1 References to the “oral tradition”, or to what I have heard, are to the Simon Fraser University Conference on Natural Kinds held in Vancouver on February 11–12, 1983. The discussion at this conference made me aware of the range of examples to which the Kripke-Putnam view must be applied if it is to be taken seriously. I must also thank Ali Akhtar, Bernard Linsky and a referee for Dialogue for discussion and/or criticism of an earlier draft of this paper. A fragment of the paper was read to the Western Canada Philosophical Association at meetings held in Winnipeg, October 21–23, 1983.
2 In “Naming and Necessity” in G. Harman and D. Davidson, eds.. The Semantics of Natural Language (Dordrecht, Holland: D. Reidel, 1972), and the revised book (Cambridge, MA: Harvard University Press, 1980).
3 In Mind, Language and Reality (Cambridge, England: Cambridge University Press, 1975), chaps. 5, 6 and 8.
4 “Locke and Aristotle on Natural Kinds”, Journal of Philosophy 78 (1981), 247–249.
5 Paul Churchland at the Simon Fraser Conference. Patricia S. Churchland expresses the same line of thought in “Is Determinism Self-Refuting?”, Mind 90 (1981), 99-101, but not with reference to Kripke and Putnam.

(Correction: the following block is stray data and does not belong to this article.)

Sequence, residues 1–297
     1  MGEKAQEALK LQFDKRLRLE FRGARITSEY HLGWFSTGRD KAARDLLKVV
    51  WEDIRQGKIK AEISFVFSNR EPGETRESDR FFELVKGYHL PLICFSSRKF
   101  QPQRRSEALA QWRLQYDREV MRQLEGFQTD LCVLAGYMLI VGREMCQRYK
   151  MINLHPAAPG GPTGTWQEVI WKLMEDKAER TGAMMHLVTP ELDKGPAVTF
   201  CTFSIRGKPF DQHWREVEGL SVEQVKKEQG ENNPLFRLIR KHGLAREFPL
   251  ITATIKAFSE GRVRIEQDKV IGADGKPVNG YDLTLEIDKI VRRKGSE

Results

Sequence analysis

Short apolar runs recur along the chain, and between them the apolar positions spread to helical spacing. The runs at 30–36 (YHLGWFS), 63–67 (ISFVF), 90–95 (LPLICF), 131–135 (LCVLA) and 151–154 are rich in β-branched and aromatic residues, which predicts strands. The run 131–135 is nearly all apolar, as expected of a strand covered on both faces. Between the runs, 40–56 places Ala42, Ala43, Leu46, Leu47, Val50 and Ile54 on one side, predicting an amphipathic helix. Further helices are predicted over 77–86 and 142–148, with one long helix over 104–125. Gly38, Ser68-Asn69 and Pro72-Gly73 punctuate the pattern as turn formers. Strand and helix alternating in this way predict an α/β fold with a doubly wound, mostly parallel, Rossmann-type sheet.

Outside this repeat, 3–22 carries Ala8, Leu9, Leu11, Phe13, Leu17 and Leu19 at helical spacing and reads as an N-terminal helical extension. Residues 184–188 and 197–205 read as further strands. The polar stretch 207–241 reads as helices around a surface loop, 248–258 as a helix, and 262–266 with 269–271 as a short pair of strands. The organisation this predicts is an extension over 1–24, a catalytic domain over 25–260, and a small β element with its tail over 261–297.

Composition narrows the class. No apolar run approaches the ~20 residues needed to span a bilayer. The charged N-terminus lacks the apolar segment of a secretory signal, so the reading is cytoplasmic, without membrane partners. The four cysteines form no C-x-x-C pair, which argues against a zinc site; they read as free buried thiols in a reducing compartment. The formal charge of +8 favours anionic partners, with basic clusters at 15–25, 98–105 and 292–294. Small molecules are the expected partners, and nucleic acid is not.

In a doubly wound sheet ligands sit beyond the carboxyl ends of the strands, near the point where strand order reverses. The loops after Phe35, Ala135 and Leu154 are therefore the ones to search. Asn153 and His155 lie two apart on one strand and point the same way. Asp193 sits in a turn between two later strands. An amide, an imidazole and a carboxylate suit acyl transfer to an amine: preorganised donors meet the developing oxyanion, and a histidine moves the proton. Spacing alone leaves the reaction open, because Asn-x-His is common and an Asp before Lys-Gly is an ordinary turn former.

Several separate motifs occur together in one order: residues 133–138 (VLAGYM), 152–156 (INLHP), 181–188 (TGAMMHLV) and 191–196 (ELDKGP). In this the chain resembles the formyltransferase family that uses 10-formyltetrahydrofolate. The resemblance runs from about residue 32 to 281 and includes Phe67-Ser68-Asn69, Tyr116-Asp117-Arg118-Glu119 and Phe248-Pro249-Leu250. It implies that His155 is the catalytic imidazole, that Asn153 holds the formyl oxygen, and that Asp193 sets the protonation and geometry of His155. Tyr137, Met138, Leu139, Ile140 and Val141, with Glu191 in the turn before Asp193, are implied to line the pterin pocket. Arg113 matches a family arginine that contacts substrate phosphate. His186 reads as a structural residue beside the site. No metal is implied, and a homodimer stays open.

6 We may express Kripke's theory and mine by saying that the term ‘water’ is rigid’, in “Meaning and Reference”, Journal of Philosophy 70 (1973), 707. Since there are rigid terms whose connotation determines their extension (e.g., “H20”) this suggests that the sole criterion for a natural kind term is rigidly designating a kind. References to philosophers who define “natural kind term” in this way could be multiplied.
7 “If‘Cat’ Is a Rigid Designator, What Does It Designate?”, Philosophical Studies 37 (1980).
8 Quantifying into the context of necessity has since Quine's “Three Grades of Modal Involvement”, in Ways of Paradox (New York: Random House, 1967), been regarded as the sign of “Aristotelian essentialism”.
9 “How to Be a Good Empiricist—A Plea for Tolerance in Matters Epistemological”, in B. Baumrin, ed., Philosophy of Science: The Delaware Seminar, vol. 2 (New York: Interscience Publishers, 1963), and reprinted in P. H. Nidditch, ed., The Philosophy of Science, Oxford Readings in Philosophy (Oxford: Oxford University Press, 1968). The page reference is to Nidditch.
10 W. V. O. Quine, Word and Object (Cambridge, MA: MIT Press, 1960), chap. 2.
11 Scientific Realism and the Plasticity of Mind (Cambridge, England: Cambridge University Press, 1979), 7-14.
12 “Reference and Definite Descriptions”, Philosophical Review 75 (1966), 281–304.
13 “A Puzzle about Belief”, in Avishai Margalit, ed.. Meaning and Use (Dordrecht, Holland: D. Reidel. 1978).
14 In the book cited in footnote 2 above he says that he “had no ambition [in footnote 56 of the 1972 essay] rigorously to prove ‘essentialism from the theory of reference’ alone.”
15 “Substances as Individuals”, Journal of Philosophy 70 (1973), 711–712.
16 Reference and Essence (Princeton: Princeton University Press, 1981), 50.